The running disparity is a continuously computed binary value (interpreted as either + or -) that enables the 8B/10B state machine to select one of two appropriate output bit patterns (called a valid code group in the specification) to maintain long-term DC balance.

The electrical signaling defined by JESD204A is low-swing/low-voltage and differential. It complies with what is widely known as CML (Current Mode Logic), used in the DVI and HDMI standards for digital audio and video transmission. Consistent with CML, JESD204A specifies 100-ohm transmission line termination at 1.2V. JESD204A compliant transmitters and receivers must achieve a Bit Error Rate (BER) of less than 10-12. Transmitters and receivers may be either fully DC-compliant or AC-compliant only. AC-compliant only devices must be coupled with external capacitors. This standard also defines transmit and receive eye diagram masks and related jitter specifications to which compliant devices must conform.

The JESD204A standard defines one more flexibility point: the possibility to extend the transmission length up to 40cm. As a matter of fact, NXP’s implementation of this standards exhibits a widely opened eye diagram even over a 1m long transmission PCB trace

JESD204A defines three logical signals per link:

  • The first logical signal is the lane, which is the differential 8B/10B self-clocked encoded CML signal.
  • The second logical signal is the frame clock, which is the shared clock signal for sequencing control and data frames and maintaining the frame alignment. The low-voltage frame clock is distributed to all transmitter and receiver devices connected to the link (all data converters and the FPGA/ASIC logic device). The frame clock (or a multiple/sub-multiple) is also generally used as the data converter sample clock, the absolute timing reference for the transmitter/receiver system, and must exhibit low jitter (including both random and deterministic jitter contributions). Because of this low jitter requirement, the frame clock should not be derived from the recovered serial data link clock at the receiver. Note that the frame clock may be implemented as a differential pair (LVDS or CML).
  • The third logical signal is the active-low SYNC~, which is a time-critical return path hardware signal from the JESD204A DAC/ASIC receiver (or receivers) to the ADC /ASIC transmitter (or transmitters) that indicates when the link must be initially synchronized, periodically resynchronized or when a data error has occurred. SYNC~ must be synchronous with respect to the frame clock input to the transmitter, and the JEDEC specification includes propagation delay, setup and hold time requirements. Note that SYNC may be implemented as a differential pair (LVDS or CML). In systems with multiple DAC devices (i.e., separate chips), the individual SYNC~ signals must be combined (logically ORed typically) into a single logical subsystem SYNC~, and presented to the FPGA/ASIC transmitter (more on this below). SYNC~ signal skew must be managed by the system designer; the JESD204A specification includes several tables of requirements for skew management. Figure 2 and Figure 3 are illustrations of generic example multi-point ADC and DAC links.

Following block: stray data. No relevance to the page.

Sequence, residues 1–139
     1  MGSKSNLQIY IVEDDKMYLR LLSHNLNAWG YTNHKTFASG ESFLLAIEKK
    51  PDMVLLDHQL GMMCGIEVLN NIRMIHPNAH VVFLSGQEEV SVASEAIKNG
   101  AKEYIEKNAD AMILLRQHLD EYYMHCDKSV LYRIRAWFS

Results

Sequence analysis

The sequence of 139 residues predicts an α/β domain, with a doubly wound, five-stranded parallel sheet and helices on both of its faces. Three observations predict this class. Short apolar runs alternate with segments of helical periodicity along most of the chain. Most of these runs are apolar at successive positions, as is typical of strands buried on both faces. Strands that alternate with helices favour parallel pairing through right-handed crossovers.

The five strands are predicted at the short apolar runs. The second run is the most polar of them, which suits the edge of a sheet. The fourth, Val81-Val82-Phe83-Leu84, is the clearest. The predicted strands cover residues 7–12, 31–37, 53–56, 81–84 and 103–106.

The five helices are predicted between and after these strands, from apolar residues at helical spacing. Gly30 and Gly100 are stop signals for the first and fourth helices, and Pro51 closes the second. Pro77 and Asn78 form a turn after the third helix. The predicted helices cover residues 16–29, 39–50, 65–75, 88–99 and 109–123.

Figure 2 – ADC Multi-point Link Generic Example
Figure 3 – DAC Multi-point Link Generic Example

It is, in part, by virtue of the fact that there is a single frame clock and a single logical SYNC~ per JESD204A subsystem that sample time-alignment (and thus precise phase coherency) is possible among the data lanes.

Note that the JEDEC JESD204A standard does not address itself to the lane-to-lane synchronization of multiple DAC devices (separate DAC IC packages), which is required for precise analog output phase alignment. The standard assumes the multiple DACs will be similar components from the same data converter manufacturer, so the specification of the inter-device, lane-to-lane synchronization mechanism is left open for innovation, though it is assumed to operate at the frame clock rate, and the user is not expected to have to provide a separate clock.

It is logical to assume that data converter vendors would employ the same lane-to-lane synchronization mechanism used inside single package devices with multiple lanes and multiple DACs, and publish the details necessary for this mechanism to be used at the board level. The JEDEC JESD204A specification assumes this mechanism would not necessarily be inter-operable between DAC vendors. Note that in the JEDEC JESD204A specification, the link connecting a logic device (FPGA, ASIC, processor) with multiple ADCs or DACs is called a “multi point link”. This terminology is potentially confusing (“multi-point” in this usage is not synonymous with multi-drop), as the JESD204A standard defines a point-to-point interconnect (one transmitter is always connected to just one receiver). The specification also defines four device classes:

NMCDA-SL No Multiple Converter Device Alignment – Single Lane
NMCDA-ML No Multiple Converter Device Alignment – Multiple Lane
MCDA-SL Multiple Converter Device Alignment – Single Lane
MCDA-ML Multiple Converter Device Alignment – Multiple Lane

The JESD204A Transport Layer

Figure 4 – Dual ADC Transmit Signal Chain
Figure 5 – Dual DAC Receive Signal Chain

There are several mapping options defined in the JESD204A specification:

  • a single converter to a single-lane link
  • multiple converters in the same device to a single-lane link
  • a single converter to a multi-lane link
  • and multiple converters in the same device to a multi-lane link